The plans to open the Cambia Grove, a health care innovation center, were first announced about this same time last year at the 25th Annual Governor’s Life Sciences Summit. Nicole Bell, executive director of Cambia Grove was then quoted saying, “Why couldn’t we be for health care what we are for coffee, aerospace, for online retail and for independent rock-and-roll?”
A year later and timed perfectly to coincide with the 17th Annual National Institutes of Health (NIH)/SBIR/STTR Conference, Cambia Grove announced results from the 9 page “Report on Health Care Innovation in Washington State.” This report effectively established a baseline for the economic impact of health care innovation sub-sector in Seattle. Based on the numbers, it seems as though Seattle is poised to compete with rival health care hubs like Boston and the Bay Area.
Here are a few of the more impressive stats. Pay levels are for this sub-sector of this industry are 8% higher than average with $2B in compensation, not to shabby. Apparently these employees are amazing rock stars with 300% more productivity than an average worker and they create $6.8B in direct output?!?!? With this astounding productivity that 8% doesn’t seem like quite a commensurate salary increase. While there are 22,500 jobs across the state, it is not surprising that over 80% of them are concentrated in Seattle. After Nicole Bell revealed these report highlights, she commented that it would make sense to create or convert even more jobs in to this thriving job sector. I guess we bike riding, coffee drinking, online shopping, wearing jeans and Tevas to work Seattlites must really be on to something here.
I am absolutely thrilled to have taken a path that is leading me into this new sub-sector of healthcare innovation and start-ups where evidently I’ll be working in the land of serious overachievers. As a RN, I’m no stranger to long hours and hard work. Coming from traditional healthcare institutions where the norms are grueling 12-hour shifts, you literally have to ask someone if you can go pee because you can’t leave your patients unattended and you learn to ingest your lunch in under 5 minutes.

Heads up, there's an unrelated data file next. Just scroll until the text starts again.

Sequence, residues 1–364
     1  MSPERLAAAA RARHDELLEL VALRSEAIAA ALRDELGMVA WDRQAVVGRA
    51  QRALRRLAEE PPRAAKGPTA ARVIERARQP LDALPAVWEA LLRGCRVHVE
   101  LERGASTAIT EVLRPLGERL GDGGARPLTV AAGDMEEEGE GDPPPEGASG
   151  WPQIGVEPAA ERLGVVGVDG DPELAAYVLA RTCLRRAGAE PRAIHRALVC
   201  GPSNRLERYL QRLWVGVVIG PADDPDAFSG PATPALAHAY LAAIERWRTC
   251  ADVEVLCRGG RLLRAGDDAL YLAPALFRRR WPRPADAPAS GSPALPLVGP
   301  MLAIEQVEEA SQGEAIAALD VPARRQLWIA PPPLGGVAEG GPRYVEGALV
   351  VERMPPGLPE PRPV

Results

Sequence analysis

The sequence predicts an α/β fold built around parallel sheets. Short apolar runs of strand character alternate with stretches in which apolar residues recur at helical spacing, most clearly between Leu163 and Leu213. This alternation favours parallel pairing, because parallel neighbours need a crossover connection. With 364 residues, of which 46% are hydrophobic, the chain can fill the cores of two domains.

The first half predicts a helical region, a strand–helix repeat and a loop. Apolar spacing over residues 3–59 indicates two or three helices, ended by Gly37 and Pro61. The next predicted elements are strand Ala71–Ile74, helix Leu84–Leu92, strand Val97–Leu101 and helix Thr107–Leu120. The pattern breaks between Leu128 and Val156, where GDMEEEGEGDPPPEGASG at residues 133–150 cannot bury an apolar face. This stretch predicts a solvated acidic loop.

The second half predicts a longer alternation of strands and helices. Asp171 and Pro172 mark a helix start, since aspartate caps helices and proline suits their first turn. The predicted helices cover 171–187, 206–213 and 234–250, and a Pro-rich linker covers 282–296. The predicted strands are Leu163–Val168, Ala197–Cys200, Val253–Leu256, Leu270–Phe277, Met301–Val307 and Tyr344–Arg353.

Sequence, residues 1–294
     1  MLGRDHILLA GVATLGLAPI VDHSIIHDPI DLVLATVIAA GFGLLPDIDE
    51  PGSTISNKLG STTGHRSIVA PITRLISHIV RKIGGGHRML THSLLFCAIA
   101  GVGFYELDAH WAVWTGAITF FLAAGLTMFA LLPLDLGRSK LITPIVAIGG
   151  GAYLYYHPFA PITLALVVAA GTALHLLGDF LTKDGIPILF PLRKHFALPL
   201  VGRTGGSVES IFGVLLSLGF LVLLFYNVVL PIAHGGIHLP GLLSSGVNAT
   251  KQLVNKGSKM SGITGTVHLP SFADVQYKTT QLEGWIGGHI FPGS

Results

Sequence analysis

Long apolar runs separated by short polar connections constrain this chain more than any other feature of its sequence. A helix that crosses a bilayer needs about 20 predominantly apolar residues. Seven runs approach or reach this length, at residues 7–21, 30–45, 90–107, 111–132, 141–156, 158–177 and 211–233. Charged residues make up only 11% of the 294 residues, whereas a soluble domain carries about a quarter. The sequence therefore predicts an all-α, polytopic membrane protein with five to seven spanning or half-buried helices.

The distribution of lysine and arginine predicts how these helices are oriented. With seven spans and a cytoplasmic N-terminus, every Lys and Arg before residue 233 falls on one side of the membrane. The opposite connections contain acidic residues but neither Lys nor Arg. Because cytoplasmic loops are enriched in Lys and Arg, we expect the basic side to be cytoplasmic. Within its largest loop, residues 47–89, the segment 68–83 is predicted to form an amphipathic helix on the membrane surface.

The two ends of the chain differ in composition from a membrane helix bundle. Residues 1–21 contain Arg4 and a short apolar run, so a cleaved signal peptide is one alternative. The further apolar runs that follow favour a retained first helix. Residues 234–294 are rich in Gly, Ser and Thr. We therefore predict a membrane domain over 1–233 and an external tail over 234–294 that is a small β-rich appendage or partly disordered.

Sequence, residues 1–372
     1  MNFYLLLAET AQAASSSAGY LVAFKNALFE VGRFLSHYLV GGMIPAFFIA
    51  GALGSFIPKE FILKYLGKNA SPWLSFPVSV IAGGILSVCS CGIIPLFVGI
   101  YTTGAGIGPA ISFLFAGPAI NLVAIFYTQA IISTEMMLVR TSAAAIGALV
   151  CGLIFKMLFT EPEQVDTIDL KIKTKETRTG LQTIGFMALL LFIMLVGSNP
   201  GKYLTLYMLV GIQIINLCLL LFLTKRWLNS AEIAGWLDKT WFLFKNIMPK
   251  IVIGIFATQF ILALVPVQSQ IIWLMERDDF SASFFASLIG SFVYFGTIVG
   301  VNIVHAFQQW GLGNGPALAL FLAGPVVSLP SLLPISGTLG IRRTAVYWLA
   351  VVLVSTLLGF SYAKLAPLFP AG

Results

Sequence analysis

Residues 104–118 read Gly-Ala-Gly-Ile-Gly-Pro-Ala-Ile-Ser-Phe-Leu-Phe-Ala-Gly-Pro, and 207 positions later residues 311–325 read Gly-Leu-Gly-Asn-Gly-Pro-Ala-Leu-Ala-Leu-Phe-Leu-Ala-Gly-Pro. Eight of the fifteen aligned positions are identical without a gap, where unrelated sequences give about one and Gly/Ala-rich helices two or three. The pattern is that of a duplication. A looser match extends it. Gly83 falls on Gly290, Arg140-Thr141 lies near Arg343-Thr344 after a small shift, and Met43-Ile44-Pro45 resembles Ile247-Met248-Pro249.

As much as working in traditional healthcare has taught me clinically, I couldn’t imagine moving into a healthcare IT analyst role after completing my Masters degree in Clinical Informatics. I imagine if I stayed, I’d probably end-up stuck in a cube trying to unscramble the EHR mess or analyzing already broken workflows attempting to integrated a new piece of technology that never went through any real usability testing by actual healthcare workers who would be suing it. Having used both Epic and Cerner products, I was like “I told you so!” after reading articles about the recently published JAMA reporting the lack of adherence by EHR vendors to conduct usability testing. I digress. My point is I’m waiting with bated breath for the lagging traditional healthcare industry to get the swift kick it needs by the younger, more ambitious and more productive innovation sub-sector. The report is effectively calling out to health innovators in Seattle that the time for a seismic shift is now…in healthcare, hopefully not literally a seismic shift in Seattle. Either way, Seattle Health Innovators prepare yourselves, let’s get ready to compete with Boston and the Bay Area.